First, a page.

If you want the TRUTH about our financial mess then buy books like Meltdown, or any books by Ron Paul or Peter Schiff...

To give an example of how far out of wack this guy is- this guy gives the federal reserve credit for 'guiding us for 14 years' into prosperity.. This genius author should have checked how the Federal Reserve was actually created in secret on Jekyll Island. Then he should check into how quickly the severe 1921 depression (that noone hears about) was over very quickly because the government did nothing and let the free market correct itself...

But this ignorant author wants to act as though the reason we go into eventual financial prosperity following the great depression was because the Federal Reserve was given more power??? Oh my... This author is ignorant at best..


The author sets up straw man oposition claims that are half truths at best and knocks the straw man down to give the apearance of winning the argument... Thomas E Woods, Ron Paul, or Peter Schif could chew this author up and spit him out while they are sleep talking...

If you want proof just look into the past... in 2005-2006 while everyone was saying everything was great and there is not going to be any kind of collapse, the deseneters from that opinion were who? Thomas E Woods, Ron Paul, and Peter Schiff.... Now that the collapse has happened, morons like this author want to jump up and say he knows what the problem is.... I dare you to look into what this author had to say before this collapse... If you look into what he was saying before the collapse I seriously doubt you will buy this book.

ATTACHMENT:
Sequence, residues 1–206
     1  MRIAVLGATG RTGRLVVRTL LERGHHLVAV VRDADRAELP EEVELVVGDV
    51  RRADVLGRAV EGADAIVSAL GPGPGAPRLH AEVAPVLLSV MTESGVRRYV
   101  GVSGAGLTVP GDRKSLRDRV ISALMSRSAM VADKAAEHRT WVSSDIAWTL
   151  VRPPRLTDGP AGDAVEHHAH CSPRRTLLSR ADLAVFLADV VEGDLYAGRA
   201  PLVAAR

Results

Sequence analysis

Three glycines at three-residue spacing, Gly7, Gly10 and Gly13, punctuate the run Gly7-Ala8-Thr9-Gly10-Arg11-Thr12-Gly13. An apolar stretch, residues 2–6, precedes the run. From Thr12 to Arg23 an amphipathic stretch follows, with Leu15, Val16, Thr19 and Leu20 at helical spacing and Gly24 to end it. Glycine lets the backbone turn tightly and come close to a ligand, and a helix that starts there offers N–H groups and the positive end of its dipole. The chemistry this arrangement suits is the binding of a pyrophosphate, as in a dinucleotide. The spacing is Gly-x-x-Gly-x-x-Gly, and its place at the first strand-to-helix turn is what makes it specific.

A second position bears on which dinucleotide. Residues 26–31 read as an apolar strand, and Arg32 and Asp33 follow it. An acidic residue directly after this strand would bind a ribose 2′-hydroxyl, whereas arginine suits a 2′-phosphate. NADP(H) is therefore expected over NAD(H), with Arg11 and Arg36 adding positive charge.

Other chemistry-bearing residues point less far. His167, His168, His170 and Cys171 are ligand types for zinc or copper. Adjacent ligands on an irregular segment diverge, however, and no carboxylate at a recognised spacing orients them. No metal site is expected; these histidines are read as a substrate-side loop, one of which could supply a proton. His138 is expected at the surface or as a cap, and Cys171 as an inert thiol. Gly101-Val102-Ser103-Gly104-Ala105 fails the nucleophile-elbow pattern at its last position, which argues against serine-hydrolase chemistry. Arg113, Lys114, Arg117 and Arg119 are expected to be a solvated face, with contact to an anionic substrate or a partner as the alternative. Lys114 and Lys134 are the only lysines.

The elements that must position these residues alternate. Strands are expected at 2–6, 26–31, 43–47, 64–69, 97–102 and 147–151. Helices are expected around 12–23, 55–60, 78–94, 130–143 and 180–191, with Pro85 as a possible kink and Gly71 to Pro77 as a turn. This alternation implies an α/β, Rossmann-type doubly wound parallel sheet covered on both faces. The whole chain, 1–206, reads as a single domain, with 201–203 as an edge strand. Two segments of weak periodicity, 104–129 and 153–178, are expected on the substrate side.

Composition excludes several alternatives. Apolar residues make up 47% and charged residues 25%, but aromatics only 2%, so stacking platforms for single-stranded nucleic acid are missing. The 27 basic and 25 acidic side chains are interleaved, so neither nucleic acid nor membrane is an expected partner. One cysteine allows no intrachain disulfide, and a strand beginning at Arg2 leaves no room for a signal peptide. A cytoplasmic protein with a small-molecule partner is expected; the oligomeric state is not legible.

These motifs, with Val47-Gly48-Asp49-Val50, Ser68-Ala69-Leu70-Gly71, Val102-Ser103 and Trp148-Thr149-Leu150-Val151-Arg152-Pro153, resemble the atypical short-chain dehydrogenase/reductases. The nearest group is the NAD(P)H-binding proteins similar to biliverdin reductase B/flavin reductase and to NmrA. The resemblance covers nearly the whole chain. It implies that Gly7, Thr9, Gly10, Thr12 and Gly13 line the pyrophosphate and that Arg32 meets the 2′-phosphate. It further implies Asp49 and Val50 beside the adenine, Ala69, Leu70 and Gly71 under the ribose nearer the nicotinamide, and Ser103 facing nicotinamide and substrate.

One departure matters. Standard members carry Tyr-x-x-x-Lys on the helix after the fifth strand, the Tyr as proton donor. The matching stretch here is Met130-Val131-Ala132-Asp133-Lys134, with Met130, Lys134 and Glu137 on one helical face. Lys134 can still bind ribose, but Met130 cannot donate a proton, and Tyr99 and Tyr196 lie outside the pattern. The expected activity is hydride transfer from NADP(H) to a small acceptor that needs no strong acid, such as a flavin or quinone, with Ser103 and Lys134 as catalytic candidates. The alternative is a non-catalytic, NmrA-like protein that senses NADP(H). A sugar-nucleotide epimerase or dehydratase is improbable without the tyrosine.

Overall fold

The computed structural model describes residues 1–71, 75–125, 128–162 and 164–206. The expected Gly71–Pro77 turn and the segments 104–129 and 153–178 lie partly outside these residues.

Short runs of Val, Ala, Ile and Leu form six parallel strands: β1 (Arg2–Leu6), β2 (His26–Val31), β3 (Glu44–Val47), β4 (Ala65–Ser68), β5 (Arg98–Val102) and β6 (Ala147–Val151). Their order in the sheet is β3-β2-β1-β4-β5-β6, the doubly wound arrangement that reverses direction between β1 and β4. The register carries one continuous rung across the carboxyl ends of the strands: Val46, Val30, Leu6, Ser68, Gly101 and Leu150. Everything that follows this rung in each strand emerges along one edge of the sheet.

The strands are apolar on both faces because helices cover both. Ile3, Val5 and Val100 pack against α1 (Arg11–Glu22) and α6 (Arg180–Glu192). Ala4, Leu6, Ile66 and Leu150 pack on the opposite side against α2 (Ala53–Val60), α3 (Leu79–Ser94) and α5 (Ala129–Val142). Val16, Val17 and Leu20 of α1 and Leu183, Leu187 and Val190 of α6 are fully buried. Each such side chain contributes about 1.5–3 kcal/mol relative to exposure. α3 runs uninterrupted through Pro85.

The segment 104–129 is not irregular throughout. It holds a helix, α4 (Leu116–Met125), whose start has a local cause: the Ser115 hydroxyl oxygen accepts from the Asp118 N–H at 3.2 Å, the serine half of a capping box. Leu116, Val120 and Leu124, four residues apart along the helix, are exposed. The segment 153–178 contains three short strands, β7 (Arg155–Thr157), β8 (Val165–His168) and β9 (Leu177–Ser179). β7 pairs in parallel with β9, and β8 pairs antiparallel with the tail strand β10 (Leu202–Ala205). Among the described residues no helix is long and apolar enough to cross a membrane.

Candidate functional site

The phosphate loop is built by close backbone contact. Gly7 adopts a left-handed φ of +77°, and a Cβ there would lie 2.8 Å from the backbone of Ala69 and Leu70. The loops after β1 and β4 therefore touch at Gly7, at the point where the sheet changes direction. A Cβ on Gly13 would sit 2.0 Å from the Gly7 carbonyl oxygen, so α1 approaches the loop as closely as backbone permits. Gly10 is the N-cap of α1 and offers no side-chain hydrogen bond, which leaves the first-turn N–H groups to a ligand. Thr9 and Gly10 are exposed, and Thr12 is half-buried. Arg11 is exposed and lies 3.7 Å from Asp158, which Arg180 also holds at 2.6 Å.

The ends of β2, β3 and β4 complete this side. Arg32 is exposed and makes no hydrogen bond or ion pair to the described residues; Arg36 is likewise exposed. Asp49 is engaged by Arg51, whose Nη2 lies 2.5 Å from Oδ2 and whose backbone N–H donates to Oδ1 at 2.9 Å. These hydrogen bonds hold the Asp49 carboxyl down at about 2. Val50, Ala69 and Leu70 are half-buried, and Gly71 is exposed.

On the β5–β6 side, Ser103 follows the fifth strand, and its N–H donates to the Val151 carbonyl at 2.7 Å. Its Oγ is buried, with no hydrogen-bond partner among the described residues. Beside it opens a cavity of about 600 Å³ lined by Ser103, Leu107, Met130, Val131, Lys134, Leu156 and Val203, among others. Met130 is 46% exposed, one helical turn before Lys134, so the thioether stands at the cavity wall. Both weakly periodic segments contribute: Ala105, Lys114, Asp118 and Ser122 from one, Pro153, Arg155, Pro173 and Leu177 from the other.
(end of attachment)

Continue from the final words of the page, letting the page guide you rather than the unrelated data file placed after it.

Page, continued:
4 of 11 people found this review helpful

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  • Mark
  • Lakewood, CO, United States
  • 10-19-12

A primer in modern Kainsian economics

Where does Aftershock rank among all the audiobooks you’ve listened to so far?

Middle of the pack. There are a lot of things that I strongly disagree with in the book, but I won't argue that it isn't well written and narrated.

What did you like best about this story?

I come from a much more libertarian, Austrian economics point of view and while some of the ideas proposed in the book terrify me, it is well written and does provide a logical explanation as to why they think a Kaisian approach is the best solution to our economic challenges that lie ahead.

Any additional comments?

There are some downright disturbing proposals in this book including the federal subsidy for earners making less than $40k per year to bring them up to a better standard of living. Of course to fund this he proposes things like a 100% tax on any earnings over $500k. While I will agree that the concentration of wealth to a very small segment of the population has led, in part, to our current economic challenges, his solutions fail to really address the size and scope of government, the perils of Europe in their attempts to create a more just economic system, and where the real political power in DC lies. The book is interesting and educational, but I don't for a second think Reich is on the right track with his solutions.

0 of 1 people found this review helpful